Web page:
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Mathematicians establish new center in Ukraine

17 February 2023

The 13 founders, including a Fields Medalist, envision strengthening ties with the international math community. The war has added urgency to their mission.

Inauguration ceremony of the International Centre for Mathematics.
A hybrid event on 12 January marked the launch of the International Centre for Mathematics in Ukraine. Hosted by the Institut des Hautes Études Scientifiques outside Paris, the event was attended by 55 mathematicians, policymakers, and philanthropists. Credit: IHES/Fanny Dufour

For Masha Vlasenko, the idea to establish a mathematics center in Ukraine goes back more than 15 years, to when she was a postdoc at the Max Planck Institute for Mathematics in Bonn, Germany. Another Ukrainian, Maryna Viazovska, was also there working on her PhD. The institute’s founding director, Friedrich Hirzebruch, told them how after visiting the Institute for Advanced Study (IAS) in Princeton, New Jersey, he was inspired to start something similar in Germany.

“The story stayed in our hearts, and now we are making a similar thing together,” says Vlasenko, a number theorist on the faculty of the Institute of Mathematics of the Polish Academy of Sciences in Warsaw. Spurred into action by Russia’s invasion of Ukraine last year, Vlasenko, Viazovska, and 11 other Ukrainian mathematicians make up the global coordination committee for the new International Centre for Mathematics in Ukraine.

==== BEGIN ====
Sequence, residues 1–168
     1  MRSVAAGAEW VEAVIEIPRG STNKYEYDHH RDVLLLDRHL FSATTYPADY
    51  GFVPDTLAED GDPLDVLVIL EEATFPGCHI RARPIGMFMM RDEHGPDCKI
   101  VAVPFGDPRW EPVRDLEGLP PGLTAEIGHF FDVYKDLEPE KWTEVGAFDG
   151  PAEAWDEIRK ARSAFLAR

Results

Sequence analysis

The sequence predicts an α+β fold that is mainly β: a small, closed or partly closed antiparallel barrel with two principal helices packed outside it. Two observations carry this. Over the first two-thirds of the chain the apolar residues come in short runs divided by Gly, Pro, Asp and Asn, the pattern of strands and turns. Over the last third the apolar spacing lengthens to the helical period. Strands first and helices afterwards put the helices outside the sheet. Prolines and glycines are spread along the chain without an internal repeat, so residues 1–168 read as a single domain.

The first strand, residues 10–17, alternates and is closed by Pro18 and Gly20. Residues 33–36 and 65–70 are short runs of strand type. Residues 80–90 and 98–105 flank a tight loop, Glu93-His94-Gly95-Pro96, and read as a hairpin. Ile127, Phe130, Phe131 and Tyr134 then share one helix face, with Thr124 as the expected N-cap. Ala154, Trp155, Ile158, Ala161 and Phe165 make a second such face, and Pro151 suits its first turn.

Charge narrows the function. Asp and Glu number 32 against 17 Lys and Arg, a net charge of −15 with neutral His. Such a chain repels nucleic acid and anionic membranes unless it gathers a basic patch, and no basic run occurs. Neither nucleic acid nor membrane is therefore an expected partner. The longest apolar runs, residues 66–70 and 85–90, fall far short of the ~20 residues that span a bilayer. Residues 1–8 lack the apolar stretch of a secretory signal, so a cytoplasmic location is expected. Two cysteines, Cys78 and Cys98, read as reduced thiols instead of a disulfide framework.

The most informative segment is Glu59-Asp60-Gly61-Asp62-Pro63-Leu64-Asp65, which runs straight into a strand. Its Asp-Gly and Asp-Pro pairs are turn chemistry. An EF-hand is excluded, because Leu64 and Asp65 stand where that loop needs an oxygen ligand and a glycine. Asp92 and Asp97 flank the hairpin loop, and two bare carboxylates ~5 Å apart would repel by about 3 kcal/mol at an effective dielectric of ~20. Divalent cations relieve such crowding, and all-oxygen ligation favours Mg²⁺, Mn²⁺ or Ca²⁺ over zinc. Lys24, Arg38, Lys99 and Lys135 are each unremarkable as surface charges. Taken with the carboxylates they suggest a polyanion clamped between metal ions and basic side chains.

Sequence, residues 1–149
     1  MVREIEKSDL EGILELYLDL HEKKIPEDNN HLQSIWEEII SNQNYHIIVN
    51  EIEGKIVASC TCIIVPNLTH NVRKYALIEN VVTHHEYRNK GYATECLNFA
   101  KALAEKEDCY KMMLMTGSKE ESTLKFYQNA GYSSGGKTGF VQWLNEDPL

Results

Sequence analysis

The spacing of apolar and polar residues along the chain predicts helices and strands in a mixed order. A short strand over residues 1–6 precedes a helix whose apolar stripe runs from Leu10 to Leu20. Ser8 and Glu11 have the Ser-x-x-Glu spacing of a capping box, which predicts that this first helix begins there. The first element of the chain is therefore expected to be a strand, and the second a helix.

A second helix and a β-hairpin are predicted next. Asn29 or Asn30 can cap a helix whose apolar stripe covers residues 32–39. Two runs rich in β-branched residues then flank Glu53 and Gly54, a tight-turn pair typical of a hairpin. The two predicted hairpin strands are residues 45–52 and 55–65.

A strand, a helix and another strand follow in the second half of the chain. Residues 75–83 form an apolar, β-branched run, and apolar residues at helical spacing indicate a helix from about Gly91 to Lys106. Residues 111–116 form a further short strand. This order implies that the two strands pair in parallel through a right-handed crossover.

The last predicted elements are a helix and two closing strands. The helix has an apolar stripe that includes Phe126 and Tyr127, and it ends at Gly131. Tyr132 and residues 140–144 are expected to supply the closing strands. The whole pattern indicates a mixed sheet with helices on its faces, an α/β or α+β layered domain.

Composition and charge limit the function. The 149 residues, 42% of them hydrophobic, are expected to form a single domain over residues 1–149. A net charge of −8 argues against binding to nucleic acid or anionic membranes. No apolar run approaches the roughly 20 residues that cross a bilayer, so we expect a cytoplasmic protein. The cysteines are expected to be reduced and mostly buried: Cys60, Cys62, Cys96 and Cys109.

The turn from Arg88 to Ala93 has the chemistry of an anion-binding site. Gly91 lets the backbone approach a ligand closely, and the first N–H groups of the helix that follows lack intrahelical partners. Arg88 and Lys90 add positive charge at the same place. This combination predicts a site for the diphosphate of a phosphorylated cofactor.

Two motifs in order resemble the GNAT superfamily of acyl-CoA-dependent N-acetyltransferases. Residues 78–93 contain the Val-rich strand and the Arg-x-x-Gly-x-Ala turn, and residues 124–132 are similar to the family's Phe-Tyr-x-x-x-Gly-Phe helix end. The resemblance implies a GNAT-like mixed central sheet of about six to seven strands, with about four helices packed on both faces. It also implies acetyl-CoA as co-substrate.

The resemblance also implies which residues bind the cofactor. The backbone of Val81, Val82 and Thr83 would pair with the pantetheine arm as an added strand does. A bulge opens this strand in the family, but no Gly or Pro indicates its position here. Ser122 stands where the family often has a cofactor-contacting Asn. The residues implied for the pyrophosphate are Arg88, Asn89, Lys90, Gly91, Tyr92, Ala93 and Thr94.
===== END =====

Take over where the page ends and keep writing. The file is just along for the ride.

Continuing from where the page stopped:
On 12 January they held an inauguration ceremony online and at the Institut des Hautes Études Scientifiques (IHES) outside Paris. Since last summer, Vlasenko has traveled several times from Poland to Ukraine to scout for a brick-and-mortar location for the new center. She and her colleagues are seeking a site in one of the country’s major cities—Kyiv, Lviv, or Kharkiv.

The plan is to start with months-long programs that focus on selected topics in mathematical sciences. The courses will consist of lectures and seminars, plus a couple of workshops open to people not attending the whole time. The programs will be intended for both students and experts from Ukraine and abroad. In the future, says Vlasenko, “we’d like to also have long-term and permanent positions for mathematicians.”

Successful math centers around the world take two forms: Some, like IHES and the IAS, have a stable of permanent positions and many long-term visitors. Others, like the Simons Laufer Mathematical Sciences Institute in Berkeley, California, and the Mittag-Leffler Institute near Stockholm, host programs on selected topics over several months. “We will use these standard, proven successful models,” says Andrey Gogolev, a coordination committee member based at the Ohio State University whose expertise is in dynamical systems.

One goal of the new center is to address a long-standing need to integrate Ukrainian mathematics into the international community, says Iryna Yehorchenko, a mathematical physicist and coordination committee member working in Kyiv at the Institute of Mathematics of the National Academy of Sciences of Ukraine. “It’s important to give young people the possibility to be in touch with top-level mathematicians from all over the world.”